“Every archaeologist knows in his heart why he digs. He digs, in pity and humility, that the dead may live again, that what is past may not be forever lost, that something may be salvaged from the wreck of ages.” This quote was written by archaeologist Geoffrey Bibby, in his publication ‘The Testimony of the Spade’ in 1956. It was at a time where archaeology was still a male dominated world (note the use of the word ‘he’), and vastly a white middle to upper class profession. Many excavations were carried out overseas, when people of that country were often employed as diggers but not necessarily in roles to provide interpretation and subsequently publications.
Archaeology in the proceeding years changed significantly, with new technologies, objectives, methodologies and people working within it. However, there are still systemic issues within archaeology, with research such as the BAJR Poverty Impact Report of September 2022 highlighting poor pay, less than adequate working conditions alongside barriers like lack of childcare and low diversity.
Why am I starting this blog post with such pretty hard hitting facts? I want to because this is the lived experience of many within archaeology as it stands within the UK. But as I have slowly come to realise, archaeology is not an island but a piece of a large, varied landscape. Whether positive or negative archaeology has many connections to other heritage perspectives that I had not really explored until I joined the Heritage Trust Youth Forum.
For example, in many commercial units we carry out historic building recording of properties for renovation, demolition or conservation. It was not until the Network’s Conference of 2022 that I realised how many organisations are dedicated to heritage architecture or built heritage as someone described it to me. There are many societies (e.g. the Society for the Protection of Ancient Buildings), trusts (e.g. National Churches Trust) and local groups all invested in the use and conservation of historic buildings.
Organisations like the Chartered Institute for Archaeologists are equally matched by the Institute for Conservation (formed 2005), the Institute for Historic Building Conservation and the Royal Town Planning Institute (formed 1914). These professional bodies represent some heritage employees and will interact directly with the use and application of heritage in a variety of ways.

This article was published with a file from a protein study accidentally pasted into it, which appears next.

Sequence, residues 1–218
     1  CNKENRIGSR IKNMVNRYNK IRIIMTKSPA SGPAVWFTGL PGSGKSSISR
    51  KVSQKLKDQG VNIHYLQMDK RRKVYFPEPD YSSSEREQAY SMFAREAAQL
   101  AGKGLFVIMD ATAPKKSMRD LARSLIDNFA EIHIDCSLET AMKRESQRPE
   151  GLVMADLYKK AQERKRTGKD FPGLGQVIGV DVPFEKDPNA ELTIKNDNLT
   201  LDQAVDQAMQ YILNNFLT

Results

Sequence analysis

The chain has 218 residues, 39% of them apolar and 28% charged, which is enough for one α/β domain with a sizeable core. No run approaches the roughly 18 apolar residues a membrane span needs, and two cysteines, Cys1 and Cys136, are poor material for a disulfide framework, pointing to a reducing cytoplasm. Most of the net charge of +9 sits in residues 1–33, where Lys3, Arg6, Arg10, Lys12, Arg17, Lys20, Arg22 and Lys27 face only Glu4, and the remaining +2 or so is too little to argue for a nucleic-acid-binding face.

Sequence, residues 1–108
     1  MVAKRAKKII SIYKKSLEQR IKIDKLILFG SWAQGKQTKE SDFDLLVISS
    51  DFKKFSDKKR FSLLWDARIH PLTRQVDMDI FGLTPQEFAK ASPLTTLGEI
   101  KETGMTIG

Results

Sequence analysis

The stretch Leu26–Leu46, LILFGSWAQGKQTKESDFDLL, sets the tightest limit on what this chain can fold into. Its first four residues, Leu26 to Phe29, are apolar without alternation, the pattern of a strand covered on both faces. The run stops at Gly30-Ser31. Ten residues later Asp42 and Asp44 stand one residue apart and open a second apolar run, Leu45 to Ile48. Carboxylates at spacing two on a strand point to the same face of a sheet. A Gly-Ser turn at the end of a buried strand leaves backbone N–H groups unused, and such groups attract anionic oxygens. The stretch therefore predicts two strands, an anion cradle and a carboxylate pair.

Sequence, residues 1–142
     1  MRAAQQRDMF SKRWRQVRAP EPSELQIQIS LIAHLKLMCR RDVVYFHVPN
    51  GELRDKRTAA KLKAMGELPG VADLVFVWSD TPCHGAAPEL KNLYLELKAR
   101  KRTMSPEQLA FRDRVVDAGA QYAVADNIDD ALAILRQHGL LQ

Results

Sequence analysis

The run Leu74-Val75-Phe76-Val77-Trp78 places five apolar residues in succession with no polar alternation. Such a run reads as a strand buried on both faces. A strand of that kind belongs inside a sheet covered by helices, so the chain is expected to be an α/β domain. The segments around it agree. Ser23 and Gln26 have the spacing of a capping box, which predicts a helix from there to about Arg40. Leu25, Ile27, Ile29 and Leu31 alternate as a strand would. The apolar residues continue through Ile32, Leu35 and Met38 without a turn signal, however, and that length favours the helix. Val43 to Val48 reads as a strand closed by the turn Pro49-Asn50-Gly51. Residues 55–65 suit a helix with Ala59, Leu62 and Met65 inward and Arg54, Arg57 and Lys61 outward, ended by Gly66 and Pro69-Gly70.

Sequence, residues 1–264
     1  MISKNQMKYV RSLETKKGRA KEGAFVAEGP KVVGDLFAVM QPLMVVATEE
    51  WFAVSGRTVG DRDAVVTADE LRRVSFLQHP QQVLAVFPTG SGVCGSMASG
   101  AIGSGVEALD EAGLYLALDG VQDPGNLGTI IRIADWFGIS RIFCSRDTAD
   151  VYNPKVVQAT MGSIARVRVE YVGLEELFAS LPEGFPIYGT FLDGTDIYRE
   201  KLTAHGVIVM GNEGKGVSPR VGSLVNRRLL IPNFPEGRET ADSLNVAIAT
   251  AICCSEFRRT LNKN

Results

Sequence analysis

In May 2020 Historic England published a report on heritage and its contribution to the UK Economy. In 2019 it noted that there were ‘206,000 employees in England’s heritage sector’. The ‘Profiling the Profession’ survey, led by Landward Research, recorded in 2020 6300 archaeologists working within the UK with the role of ‘museum or heritage/ cultural attraction’ being the fourth highest category of organisation which responded to the survey. As the numbers show there are quite a few of us who count ourselves as heritage employees. It is important to highlight the dates these reports were compiled, as new data would highlight the subsequent effects of COVID, Brexit and the Cost of Living Crisis. These factors impacted both the archaeological sector and the wider heritage sector (museums, organisations, heritage charities) so I believe it would be beneficial to increase more communication of how both sectors responded to such factors. What worked, what didn’t work, how was funding allocated or raised, which professional bodies made a difference, and how can future safeguarding measures be implemented.
An example of this communication in action is the Heritage Connects Knowledge Hub. The Heritage Workspace, supported by Historic England, includes a forum called Heritage Connects Knowledge Hub which describes itself as ‘a general, open group where heritage professionals can share, collaborate, and connect!’ This forum at the time of writing had 289 members and two group facilitators who provides support and prompts for discussion. Innovative forums like this could aid cross-sector communication in an informal and accessible way.
The Heritage Trust Network Youth Forum is also an example of this communication in action. When I attended last year’s conference in Caernarfon I met a wide variety of people ranging from managers to consultants to architects. I never would have met them without the Youth Forum as up until joining the forum the only conferences I had attended were strictly ‘archaeological’. To my knowledge, I was only one of three archaeologists there, which I hope will change as more communication happens between heritage employees.
I believe that those within the heritage sector have more in common than it may first be presumed. And I believe given the right circumstances and opportunities, this will be realised.
- Archaeologists in Financial Crisis – BAJR Survey 2022 | UK Archaeology News (bajrfed.co.uk)
- The heritage sector in England and its impact on the economy (historicengland.org.uk)
- 1.1 Size of UK Archaeology – Profiling the Profession
- About – Heritage Workspace – Knowledge Hub (khub.net)
By Tabitha Lawrence, Youth Forum Member
Image copyright from from Annie Spratt